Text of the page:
So tired …

Of productivity talk.  On dicussing the NZIER report (which we discussed here) Kiwiblog mentions:

Productivity growth is all important.

Productivity is a ratio – I could increase it right now by shooting half the population.  It is the output that matters here, and how much we have to sacrifice to get it.  Increasing output (which we value) while sacrificing things we don’t value as much as the output is key – not productivity growth persee.

This distinction is important because “productivity growth” is going to fly up over the next couple of years – as unemployment will rise.  This isn’t necessarily a good thing, and it is not because of any parties polices.

When Labour was in power I was annoyed that output, and productivity, were ignored – as they ignored that in order to gain these “other things” like equality we were sacrificing some output.  Now everywhere I turn ALL I HEAR is productivity.

Why don’t we just learn to look at the trade-offs associated with policies and then do what is in societies interest – instead of targeting arbitrary ratios.

I’ve already talked about this here and in the Dom BTW.  I need a drink.

  • Mattyoug

    It is neither productivity nor output. It is balance. All we can do is to move toward a better balance, or smoothness among elasticities; but we can never reach it.

  • Equally frustrated. The number of times the PM has uttered “we need productivity growth” without ANY mention of how he’s going to do that astounds me.
    I remember him specifically stating that productivity growth was going to come from the tax cuts during the election campaign. BIG believer in the Laffer curve it seems, even though it’s been shown as overly simplistic and seems to have little to do with the productivity issues we face (we don’t need incentives to work longer hours).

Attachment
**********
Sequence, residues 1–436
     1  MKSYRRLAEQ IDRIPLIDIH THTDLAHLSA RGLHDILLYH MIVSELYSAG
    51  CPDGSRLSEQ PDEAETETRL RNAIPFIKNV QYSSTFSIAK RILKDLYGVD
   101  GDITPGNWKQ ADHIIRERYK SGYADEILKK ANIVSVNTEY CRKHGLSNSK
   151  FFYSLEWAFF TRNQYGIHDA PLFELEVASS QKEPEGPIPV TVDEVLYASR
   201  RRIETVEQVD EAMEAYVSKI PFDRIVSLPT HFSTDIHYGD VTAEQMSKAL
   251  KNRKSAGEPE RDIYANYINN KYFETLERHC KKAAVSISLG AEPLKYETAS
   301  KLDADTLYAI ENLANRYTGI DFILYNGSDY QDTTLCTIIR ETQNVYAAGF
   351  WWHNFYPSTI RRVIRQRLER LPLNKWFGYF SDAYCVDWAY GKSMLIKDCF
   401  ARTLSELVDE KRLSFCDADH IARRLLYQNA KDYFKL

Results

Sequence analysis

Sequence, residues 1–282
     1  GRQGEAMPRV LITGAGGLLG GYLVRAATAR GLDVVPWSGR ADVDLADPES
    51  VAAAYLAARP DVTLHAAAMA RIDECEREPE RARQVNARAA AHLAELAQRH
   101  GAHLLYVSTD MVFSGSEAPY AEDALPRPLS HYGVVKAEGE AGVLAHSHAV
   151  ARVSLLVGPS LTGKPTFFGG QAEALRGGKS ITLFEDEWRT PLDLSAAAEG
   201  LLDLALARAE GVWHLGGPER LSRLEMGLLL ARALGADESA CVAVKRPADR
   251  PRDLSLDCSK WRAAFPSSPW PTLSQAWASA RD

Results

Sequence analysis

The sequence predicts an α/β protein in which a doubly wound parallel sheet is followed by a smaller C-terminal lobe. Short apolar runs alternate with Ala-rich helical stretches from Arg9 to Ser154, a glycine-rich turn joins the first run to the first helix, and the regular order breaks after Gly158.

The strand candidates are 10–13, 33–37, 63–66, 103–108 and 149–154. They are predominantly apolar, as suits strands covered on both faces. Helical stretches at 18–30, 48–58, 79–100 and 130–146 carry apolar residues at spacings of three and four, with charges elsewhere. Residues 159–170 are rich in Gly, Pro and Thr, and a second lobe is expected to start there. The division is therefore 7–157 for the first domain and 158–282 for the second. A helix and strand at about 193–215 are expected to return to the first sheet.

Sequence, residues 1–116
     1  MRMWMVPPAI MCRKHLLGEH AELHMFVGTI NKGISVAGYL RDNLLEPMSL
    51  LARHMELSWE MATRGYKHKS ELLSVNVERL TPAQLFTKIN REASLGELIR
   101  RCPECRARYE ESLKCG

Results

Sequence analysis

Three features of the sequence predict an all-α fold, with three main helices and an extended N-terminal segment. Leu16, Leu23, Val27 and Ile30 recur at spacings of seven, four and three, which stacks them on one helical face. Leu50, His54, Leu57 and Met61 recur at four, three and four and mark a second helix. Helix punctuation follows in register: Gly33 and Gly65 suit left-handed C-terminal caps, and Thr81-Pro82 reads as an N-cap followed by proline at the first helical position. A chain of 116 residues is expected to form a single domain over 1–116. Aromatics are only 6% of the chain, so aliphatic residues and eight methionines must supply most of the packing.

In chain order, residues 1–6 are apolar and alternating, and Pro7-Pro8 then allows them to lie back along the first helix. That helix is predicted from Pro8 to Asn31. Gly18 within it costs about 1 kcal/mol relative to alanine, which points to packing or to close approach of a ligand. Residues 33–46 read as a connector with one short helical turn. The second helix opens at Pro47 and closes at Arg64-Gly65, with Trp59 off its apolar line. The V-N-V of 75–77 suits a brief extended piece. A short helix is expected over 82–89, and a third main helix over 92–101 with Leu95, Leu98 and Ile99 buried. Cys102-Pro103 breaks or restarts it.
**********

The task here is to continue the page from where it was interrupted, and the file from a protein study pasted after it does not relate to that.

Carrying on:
• I’m always skeptical when a metric becomes the goal. It seems to always end badly with the law of unintended consequences to the fore.

    What bothers me about the productivity mantra these days is no one who invokes seems to ever offer a plausible way of achieving it. It comes across as more of a fervent hope or a really big wish….or maybe a mantra in support of some article of faith.

    I suspect this is why nothing ever changes. The ticket-clipping, slef-styled ‘entrepreneurs’ wouldn’t know a winning strategy if they fell over it.

    Rince and repeat with respect to “innovation”…the thing that is supposed to deliver higher productivity…and also almost never defined.

    Whenever I now hear someone talking about innovation to enable higher productivity, I generally save time and effort by noting “empty waffle” as my summary of what was said.